We also find this possibly related case in the Central District of California, a judgment and injunction against a defendant named Akram Alawdi whom is associated with “R&J MARKET & SMOKE SHOP, INC.” and “TAHAM LLC.” This seems to be a settlement in an unrelated matter, but once again ties the name to a smoking-related business.
At this point, it could be the case that there are multiple people of that name, several aliases attached to one person, several similar names related to each other, and several smoking-related businesses, all in the Bakersfield area.
Next we tried verifying Dhaker Hassan
This story is much shorter and more conclusive. We find a Dhaker A Hassan right away as the operator of the “Smokezilla” shop at 3022 Taft Hwy, Bakersfield, Ca. We know this because we find a suspension order from the Kern County Public Health Service, which proclaims that during an inspection, the business was found to possess synthetic drugs with the intent to sell. Specifically, there would have included “Psychoactive Bath Salts, Psychoactive Herbal Essence (Spice), and Other Synthetic Drugs.”
We also find a Twitter account for Smokezilla, on Taft highway in Bakersfield. “Smokezilla” is also a common name for other businesses and products.
Likewise, we feel safe in concluding that somebody named Dhaker A Hassan got in trouble in Bakersfield for synthetic drugs. But we of course should not make further assumptions.
A word or three about Spice (K2)
This is far from the first time synthetic cannabinoids have popped up in connection with a cannabis vaping story.
- Investigation finds illegal synthetic marijuana in vape and edible products sold as CBD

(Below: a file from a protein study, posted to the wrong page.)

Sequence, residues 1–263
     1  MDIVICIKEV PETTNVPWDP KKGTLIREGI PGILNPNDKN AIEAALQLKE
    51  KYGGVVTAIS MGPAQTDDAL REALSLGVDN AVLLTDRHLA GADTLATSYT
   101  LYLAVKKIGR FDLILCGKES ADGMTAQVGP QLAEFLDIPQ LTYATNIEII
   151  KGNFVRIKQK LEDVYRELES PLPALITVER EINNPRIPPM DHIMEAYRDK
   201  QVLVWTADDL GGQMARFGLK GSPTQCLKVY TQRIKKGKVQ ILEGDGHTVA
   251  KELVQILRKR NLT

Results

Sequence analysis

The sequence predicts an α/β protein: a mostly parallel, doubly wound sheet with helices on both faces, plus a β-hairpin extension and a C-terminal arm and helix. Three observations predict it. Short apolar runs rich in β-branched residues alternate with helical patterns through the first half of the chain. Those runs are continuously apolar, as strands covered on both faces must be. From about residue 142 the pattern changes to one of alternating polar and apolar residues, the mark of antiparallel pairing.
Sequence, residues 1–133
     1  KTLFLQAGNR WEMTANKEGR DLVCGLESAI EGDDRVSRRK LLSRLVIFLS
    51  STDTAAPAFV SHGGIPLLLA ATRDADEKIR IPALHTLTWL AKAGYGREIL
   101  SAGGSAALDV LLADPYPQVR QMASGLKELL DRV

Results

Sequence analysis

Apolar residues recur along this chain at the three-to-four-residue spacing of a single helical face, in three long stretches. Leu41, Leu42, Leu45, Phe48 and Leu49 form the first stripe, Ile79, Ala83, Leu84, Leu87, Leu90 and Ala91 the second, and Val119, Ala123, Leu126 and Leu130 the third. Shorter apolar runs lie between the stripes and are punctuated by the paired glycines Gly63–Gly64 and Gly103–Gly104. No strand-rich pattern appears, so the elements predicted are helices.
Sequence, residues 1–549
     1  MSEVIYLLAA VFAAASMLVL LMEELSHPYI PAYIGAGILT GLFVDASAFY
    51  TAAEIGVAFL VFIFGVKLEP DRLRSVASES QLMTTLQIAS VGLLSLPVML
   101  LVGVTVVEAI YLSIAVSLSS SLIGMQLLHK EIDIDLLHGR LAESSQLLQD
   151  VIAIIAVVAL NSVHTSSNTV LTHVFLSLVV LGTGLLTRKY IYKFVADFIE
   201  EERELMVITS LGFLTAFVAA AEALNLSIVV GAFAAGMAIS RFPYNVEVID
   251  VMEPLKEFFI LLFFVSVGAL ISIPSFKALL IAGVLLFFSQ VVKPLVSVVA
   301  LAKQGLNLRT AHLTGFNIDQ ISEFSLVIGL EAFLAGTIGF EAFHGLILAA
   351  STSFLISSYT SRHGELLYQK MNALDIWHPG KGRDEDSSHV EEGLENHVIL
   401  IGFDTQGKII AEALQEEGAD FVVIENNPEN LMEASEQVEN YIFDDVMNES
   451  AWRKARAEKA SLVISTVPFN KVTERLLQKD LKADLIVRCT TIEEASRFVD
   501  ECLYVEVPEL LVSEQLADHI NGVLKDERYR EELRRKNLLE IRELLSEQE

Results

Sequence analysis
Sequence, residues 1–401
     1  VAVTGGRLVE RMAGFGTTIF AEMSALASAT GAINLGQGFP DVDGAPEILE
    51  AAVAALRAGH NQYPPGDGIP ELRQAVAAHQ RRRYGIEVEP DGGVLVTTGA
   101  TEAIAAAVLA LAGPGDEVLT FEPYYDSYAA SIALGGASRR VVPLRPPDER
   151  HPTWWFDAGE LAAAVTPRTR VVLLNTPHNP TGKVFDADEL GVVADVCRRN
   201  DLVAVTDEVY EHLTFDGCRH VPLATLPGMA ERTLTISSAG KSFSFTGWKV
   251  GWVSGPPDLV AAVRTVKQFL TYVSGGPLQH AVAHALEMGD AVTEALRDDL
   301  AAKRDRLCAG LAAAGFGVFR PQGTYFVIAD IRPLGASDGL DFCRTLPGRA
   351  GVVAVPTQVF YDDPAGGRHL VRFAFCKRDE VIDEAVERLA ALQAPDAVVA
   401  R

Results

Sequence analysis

- Synthetic Marijuana Vape Pen Use Is Sending People to the Hospital
- Vapers tricked into buying synthetic cannabis-laced product
- GSU Student Uncovers Illegal Synthetic Cannabinoid in Over-the-Counter Vaping Pen
- ‘Yolo!’ brand CBD vapes sickened consumers with K2 and spice
After all the bad press synthetic cannabis substitutes have gotten over the years, one would think everyone would be avoiding them like the proverbial plague. Especially now that we’re getting legal natural cannabis in so many states. Synthetic marijuana has even been discovered tainted with rat poison!
Yet apparently there’s still a market for the stuff that people partake of willingly, and there are a few cases where synthetic cannabinoid was discovered in vape juice or oil pens sold as containing actual cannabis.
So chalk that up to another possible contaminant in untested, unregulated THC cartridges.
Final thoughts on 1Match story
We appreciate any tips anyone could supply on cannabis products produced and distributed outside of regulation. We want to inform the public as much as possible about enjoying cannabis responsibly and safely. We would ask, however, to be more careful in the future throwing identities around, because you never know when several similar names can be tied into trouble they never asked for. The “Internet lynch mob” is notorious for cases of mistaken identity.
We publish our findings on court cases and regulation because that is a matter of transparent public record. But at no point do we suggest a complete tie between the brand 1Match and these individuals, at least not based on a tilted photo.
Join us for discussion here in the comments or in our forum.